Moscow thinks that the politicization of Siemens gas turbines deliveries to Crimea is counter-productive, and sanctions imposed by the EU over the issue are completely unacceptable, a senior Russian diplomat said in an interview published Thursday.
“I would not refer to this case as a scandal. It is a dispute of economic entities, which is subject to judicial settlement. In addition, we consider it counterproductive to politicize this issue,” Sergei Nechayev, the head of the Russian Foreign Ministry’s department responsible for relations with Germany, told the Kommersant newspaper.
The diplomat said that the ministry was discussing this issue directly with German partners.
“The extension of sanctions restrictions, initiated by Germany in the context of the Siemens case, as well as the inflation of an information campaign, in which statements about the incompetence of Russian companies are allowed, are absolutely unacceptable steps that do not contribute to a civilized solution to the problem,” Nechayev added.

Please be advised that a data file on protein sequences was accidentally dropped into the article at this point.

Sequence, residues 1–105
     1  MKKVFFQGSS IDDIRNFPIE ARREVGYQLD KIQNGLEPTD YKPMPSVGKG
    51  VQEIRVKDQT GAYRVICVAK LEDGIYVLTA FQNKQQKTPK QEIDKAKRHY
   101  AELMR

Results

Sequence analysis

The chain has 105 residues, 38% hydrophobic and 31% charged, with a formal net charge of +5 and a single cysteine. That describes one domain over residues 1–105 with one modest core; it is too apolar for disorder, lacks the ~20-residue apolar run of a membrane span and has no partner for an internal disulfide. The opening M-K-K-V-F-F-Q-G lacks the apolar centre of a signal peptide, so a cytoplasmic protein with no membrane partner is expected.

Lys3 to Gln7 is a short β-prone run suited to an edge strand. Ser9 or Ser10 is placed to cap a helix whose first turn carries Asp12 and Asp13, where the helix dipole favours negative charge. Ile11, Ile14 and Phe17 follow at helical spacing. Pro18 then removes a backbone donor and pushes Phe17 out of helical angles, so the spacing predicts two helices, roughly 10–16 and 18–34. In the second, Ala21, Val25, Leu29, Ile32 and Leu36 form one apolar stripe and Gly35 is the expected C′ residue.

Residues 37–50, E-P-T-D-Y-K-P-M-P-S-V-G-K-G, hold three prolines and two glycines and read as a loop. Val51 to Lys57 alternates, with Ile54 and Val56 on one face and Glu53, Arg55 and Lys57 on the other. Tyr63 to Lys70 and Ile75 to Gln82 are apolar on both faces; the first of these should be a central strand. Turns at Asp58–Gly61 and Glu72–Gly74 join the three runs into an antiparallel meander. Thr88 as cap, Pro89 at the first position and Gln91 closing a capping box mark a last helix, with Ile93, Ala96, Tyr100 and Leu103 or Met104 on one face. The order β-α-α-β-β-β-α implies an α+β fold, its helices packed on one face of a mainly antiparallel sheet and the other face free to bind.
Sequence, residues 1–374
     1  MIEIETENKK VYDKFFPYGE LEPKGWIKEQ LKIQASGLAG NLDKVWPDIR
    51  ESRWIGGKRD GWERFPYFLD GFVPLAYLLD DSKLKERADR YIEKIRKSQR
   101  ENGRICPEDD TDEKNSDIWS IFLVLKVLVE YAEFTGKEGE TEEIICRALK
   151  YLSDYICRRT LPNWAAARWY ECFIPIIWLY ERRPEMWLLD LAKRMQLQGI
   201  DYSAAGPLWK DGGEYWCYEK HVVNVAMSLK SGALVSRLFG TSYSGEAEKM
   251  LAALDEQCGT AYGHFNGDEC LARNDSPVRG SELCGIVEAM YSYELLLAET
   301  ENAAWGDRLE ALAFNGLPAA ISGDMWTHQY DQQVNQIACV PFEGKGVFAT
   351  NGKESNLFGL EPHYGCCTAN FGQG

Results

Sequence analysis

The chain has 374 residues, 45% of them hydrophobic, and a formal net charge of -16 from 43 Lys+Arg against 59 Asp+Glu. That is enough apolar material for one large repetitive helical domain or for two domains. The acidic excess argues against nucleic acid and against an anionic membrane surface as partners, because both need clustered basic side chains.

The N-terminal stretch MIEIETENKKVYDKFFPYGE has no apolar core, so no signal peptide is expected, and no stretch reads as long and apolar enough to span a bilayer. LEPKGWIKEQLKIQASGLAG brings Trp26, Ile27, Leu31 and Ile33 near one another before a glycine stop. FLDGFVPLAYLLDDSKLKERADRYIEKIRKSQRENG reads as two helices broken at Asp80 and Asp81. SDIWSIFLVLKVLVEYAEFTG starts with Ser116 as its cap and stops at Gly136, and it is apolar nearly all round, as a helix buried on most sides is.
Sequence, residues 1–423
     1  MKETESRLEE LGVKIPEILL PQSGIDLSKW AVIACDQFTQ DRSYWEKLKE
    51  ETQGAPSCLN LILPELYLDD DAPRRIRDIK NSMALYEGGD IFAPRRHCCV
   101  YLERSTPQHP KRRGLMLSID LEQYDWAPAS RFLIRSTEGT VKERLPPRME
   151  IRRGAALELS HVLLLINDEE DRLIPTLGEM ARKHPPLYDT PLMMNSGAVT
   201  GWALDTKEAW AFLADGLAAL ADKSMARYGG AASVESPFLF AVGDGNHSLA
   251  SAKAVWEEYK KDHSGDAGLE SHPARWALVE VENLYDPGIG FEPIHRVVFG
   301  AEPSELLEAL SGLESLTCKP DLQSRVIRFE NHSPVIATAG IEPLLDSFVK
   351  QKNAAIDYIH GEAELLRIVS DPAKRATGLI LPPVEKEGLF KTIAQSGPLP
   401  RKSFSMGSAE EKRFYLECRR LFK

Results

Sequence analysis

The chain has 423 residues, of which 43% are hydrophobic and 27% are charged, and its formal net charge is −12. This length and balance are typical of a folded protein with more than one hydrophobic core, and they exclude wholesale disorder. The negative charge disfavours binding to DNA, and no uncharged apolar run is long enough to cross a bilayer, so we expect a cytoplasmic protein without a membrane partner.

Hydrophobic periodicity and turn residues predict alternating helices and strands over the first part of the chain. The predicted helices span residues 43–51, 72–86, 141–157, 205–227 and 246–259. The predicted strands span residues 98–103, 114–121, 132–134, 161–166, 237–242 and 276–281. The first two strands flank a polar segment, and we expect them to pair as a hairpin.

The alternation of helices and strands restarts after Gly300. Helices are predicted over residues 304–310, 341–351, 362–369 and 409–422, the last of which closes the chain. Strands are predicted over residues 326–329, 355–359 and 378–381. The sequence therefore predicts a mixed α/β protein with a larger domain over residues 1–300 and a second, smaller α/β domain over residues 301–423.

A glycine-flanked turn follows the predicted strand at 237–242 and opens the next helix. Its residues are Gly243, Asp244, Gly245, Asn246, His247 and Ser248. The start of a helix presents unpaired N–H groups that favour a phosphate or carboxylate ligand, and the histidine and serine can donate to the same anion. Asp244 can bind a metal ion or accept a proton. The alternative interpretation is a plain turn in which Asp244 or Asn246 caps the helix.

In July, German tech giant Siemens discovered that its four gas turbines provided for a project in southern Russia’s Taman had been moved to Crimea, where Russia was building two thermal plants. Following the incident, the company decided to annul a power plant supply license agreement and suspend power equipment deliveries to Russian state companies. On August 4, the European Union added three Russian nationals and three companies involved in the turbines scandal to the sanctions list, saying that their actions “undermined Ukraine’s territorial integrity, sovereignty and independence.”